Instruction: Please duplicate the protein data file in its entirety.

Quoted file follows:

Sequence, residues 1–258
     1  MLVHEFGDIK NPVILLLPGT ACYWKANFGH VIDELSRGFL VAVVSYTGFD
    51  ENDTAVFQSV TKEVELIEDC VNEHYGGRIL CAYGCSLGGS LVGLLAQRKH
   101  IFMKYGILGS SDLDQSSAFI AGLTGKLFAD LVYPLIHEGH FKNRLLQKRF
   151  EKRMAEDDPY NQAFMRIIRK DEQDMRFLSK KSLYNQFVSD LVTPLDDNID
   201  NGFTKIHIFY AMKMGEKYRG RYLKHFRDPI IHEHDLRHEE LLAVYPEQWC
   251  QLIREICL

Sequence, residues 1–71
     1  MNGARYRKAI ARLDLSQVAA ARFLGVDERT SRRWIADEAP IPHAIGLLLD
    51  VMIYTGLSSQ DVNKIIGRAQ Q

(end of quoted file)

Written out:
Sequence, residues 1–258
     1  MLVHEFGDIK NPVILLLPGT ACYWKANFGH VIDELSRGFL VAVVSYTGFD
    51  ENDTAVFQSV TKEVELIEDC VNEHYGGRIL CAYGCSLGGS LVGLLAQRKH
   101  IFMKYGILGS SDLDQSSAFI AGLTGKLFAD LVYPLIHEGH FKNRLLQKRF
   151  EKRMAEDDPY NQAFMRIIRK DEQDMRFLSK KSLYNQFVSD LVTPLDDNID
   201  NGFTKIHIFY AMKMGEKYRG RYLKHFRDPI IHEHDLRHEE LLAVYPEQWC
   251  QLIREICL

Sequence, residues 1–71
     1  MNGARYRKAI ARLDLSQVAA ARFLGVDERT SRRWIADEAP IPHAIGLLLD
    51  VMIYTGLSSQ DVNKIIGRAQ Q